Christian-Newsom murders gain little national attention - KSLA News 12 Shreveport, Louisiana News Weather & Sports

COMMENTARY: Media missed horrific, tragic crime

Christopher Newsom, left, and his girlfriend Channon Christian had been dating for about two months before they were kidnapped, raped, tortured and killed. (Source: Newsom family photo) Christopher Newsom, left, and his girlfriend Channon Christian had been dating for about two months before they were kidnapped, raped, tortured and killed. (Source: Newsom family photo)

(RNN) – It was the sort of case that usually incites a media feeding frenzy, resulting in hour after hour of television coverage, and page after page of newspaper reports.

Early in the morning of Jan. 7, 2007, two young people were kidnapped after leaving a friend's apartment, tortured for days, murdered and dumped. The couple suffered untold agony, and the families have endured multiple murder trials, still with no resolution five years later.

But you've probably never heard the victims' names.

The murders of Channon Christian and Christian Newsom stand in stark contrast to the killing of 17-year-old Trayvon Martin, who was shot and killed by a neighbor of his father's fiancee.

A commentary like this barely must mention Martin or his shooter, George Zimmerman, before you can recall most of the facts: Neighborhood watch, Skittles, hoodie, 911, "suspicious."

Very few cases are identifiable by their names alone. The Christian-Newsome case is not one of those.

One morning in January

It is probably safe to say most people do not remember the details of their story unless they live in or near Knoxville, TN.

Early that January morning, Christian and Newsom, who had only been dating a few months, left a friend's apartment after spending most of the night out. They were carjacked, kidnapped, tortured for days, and killed.

Three men and one woman were convicted of raping both Christian and Newsom inside a house just a few miles away from where they were kidnapped, and another man was convicted as an accessory to the crime. The group is accused of burning Newsom's body and leaving him for dead on the railroad tracks near the house.

They allegedly raped Christian during the course of two days, poured chemicals down her throat and on her body to destroy DNA, wrapped her in garbage bags and stuffed her in a trash can inside the house, where she apparently suffocated.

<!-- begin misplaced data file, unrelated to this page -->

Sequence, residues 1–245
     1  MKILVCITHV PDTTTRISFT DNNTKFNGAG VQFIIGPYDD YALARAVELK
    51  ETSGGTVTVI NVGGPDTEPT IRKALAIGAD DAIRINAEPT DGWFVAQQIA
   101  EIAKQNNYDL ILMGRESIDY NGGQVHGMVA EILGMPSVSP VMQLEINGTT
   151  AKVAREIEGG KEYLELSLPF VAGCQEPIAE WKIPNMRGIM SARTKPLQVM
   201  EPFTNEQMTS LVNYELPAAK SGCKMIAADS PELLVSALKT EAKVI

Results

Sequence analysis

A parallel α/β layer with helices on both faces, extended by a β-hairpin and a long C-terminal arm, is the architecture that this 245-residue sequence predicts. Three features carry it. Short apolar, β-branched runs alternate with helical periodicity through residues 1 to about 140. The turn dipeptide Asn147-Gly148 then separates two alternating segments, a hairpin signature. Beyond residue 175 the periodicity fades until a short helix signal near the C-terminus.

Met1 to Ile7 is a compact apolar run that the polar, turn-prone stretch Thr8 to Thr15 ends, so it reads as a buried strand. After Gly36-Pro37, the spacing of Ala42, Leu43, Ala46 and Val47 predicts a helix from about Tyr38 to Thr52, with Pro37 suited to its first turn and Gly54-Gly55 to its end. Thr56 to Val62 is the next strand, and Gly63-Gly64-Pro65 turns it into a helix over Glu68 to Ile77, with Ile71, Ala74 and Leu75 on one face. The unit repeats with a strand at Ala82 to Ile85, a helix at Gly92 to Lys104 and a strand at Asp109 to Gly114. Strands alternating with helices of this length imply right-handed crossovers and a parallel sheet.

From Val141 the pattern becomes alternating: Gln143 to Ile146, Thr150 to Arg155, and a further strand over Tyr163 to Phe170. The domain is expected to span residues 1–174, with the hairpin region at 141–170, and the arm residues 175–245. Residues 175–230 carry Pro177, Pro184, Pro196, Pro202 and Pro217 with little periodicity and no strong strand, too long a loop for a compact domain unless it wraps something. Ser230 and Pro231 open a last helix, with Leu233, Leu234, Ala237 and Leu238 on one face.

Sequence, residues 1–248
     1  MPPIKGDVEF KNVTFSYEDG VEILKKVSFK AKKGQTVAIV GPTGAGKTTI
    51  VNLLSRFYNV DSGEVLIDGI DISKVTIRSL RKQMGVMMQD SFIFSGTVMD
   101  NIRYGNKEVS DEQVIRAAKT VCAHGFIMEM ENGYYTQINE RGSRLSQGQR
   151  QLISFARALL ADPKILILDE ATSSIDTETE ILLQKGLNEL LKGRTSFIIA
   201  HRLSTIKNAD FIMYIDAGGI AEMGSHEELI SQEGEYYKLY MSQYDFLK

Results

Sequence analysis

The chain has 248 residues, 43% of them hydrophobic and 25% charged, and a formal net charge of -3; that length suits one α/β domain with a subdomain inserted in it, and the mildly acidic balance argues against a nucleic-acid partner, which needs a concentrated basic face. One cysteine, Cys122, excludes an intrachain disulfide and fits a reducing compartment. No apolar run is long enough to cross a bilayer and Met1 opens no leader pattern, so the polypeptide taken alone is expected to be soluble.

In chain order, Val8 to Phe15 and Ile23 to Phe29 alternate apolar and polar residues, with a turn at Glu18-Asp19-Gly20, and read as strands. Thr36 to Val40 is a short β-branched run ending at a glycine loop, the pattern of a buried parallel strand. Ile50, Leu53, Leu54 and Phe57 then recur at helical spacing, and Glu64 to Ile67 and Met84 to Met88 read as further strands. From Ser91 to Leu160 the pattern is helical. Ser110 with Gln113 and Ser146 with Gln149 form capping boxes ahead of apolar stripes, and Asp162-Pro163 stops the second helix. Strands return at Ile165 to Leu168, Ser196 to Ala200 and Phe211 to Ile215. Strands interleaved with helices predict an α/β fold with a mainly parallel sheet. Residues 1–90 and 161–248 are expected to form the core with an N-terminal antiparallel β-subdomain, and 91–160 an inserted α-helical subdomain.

These crimes were gruesome. But other aspects about the case also raise questions.

First, the couple's brutal killing barely earned a mention on national news. Second, few media outlets made mention of the racial aspect of the case.

All five of the defendants were black; the victims were white.

Some major networks picked it up, and thanks to YouTube, it's possible to see some of those stories. But it hardly got the lead story or break-into-a-live-broadcast treatment that the Trayvon Martin shooting and other similar events have received.

"We've heard from people all over the country," said Mary Newsom, Christopher's mother. "I guess there would have been national coverage if it hadn't been black on white. We're constantly reminded about it. We don't mind talking about it, but people know us wherever we go, so that keeps it fresh."

National media even had the chance at a do-over for this story.

Last year, Richard Baumgartner, the judge who oversaw the trials, stepped down and was later found to have been addicted to prescription drugs while on the bench and having sex during courtroom breaks.

The allegations threw into doubt his fitness during the last two years of his career, which included the Christian-Newsom trials.

Three of the defendants' convictions were thrown out - including one conviction that resulted in a sentence of death - and a judge ordered new trials for them.

However, the Tennessee Supreme Court recently ruled to vacate the order for retrials and asked Judge Jon Kerry Blackwood to consider requesting retrials on grounds other than Baumgartner's misconduct.

The state's highest court acknowledged that the original trial judge violated the Code of Judicial Conduct, but there isn't enough evidence to support allegations that he was doing so while presiding over the trials.

Both sets of parents have faithfully attended a series of trials during the past 5 1/2 years, and now they will have to wait even longer to receive justice in their children's deaths.